by Julie Martin, MNE Tax
EU finance ministers today formally abandoned a proposal to introduce an immediate, temporary, EU-wide tax on the revenue of large multinational firms in the digital sector. The tax would have been a stop-gap measure, applying until global consensus is reached on a long-term solution to taxing multinational digital firms.
Speaking at a meeting of EU finance ministers in Brussels today, Romanian Minister Eugen Teodorovici said that the opposition of a few EU Member States to a digital services tax and advertising tax is “of a fundamental nature.” Sweden Finland, Denmark, and Ireland oppose the tax.
Thus, the EU will abandon immediate action, Teodorovici said, and instead focus on the broader international tax discussions now underway at the OECD and G20 level. Teodorovici said that if progress is not made by the end of 2020 on global efforts to revise the international tax system, the EU will revisit the issue at that time.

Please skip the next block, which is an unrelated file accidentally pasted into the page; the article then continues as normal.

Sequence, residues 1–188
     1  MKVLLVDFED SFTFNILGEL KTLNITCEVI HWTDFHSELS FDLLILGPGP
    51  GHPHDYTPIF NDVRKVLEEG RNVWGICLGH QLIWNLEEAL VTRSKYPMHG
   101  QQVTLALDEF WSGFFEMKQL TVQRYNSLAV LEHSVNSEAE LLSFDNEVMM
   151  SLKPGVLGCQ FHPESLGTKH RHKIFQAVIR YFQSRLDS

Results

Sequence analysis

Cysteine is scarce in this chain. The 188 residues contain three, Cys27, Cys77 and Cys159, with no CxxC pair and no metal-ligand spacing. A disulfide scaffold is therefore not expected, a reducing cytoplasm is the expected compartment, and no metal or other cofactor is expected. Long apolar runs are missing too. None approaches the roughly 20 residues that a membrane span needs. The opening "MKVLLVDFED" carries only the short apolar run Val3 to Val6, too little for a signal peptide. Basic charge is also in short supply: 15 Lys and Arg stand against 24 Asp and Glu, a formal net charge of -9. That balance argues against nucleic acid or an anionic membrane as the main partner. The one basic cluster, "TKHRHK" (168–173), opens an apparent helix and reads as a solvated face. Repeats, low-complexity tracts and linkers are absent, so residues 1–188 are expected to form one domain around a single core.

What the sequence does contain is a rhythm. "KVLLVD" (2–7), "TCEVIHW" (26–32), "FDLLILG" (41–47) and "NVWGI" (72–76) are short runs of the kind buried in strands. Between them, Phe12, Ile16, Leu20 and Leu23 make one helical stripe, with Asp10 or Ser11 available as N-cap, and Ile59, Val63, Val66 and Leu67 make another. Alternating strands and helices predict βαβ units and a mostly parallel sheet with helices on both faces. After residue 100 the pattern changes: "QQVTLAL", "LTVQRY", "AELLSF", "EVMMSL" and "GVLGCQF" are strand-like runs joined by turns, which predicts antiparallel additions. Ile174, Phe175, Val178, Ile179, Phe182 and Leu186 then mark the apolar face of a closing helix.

While the move will likely be welcomed by digital giants such Google, Facebook, Uber, and Airbnb, companies will still need to contend with a host of separate and differing EU taxes aimed at large digital firms. France, the UK, Italy, and Spain have already moved on such unilateral measures.
The original EU proposal for an EU-wide digital service tax, presented just over one year ago, contemplated a 3 percent levy on the revenue of large multinationals that sell online advertising or provide online sales platforms.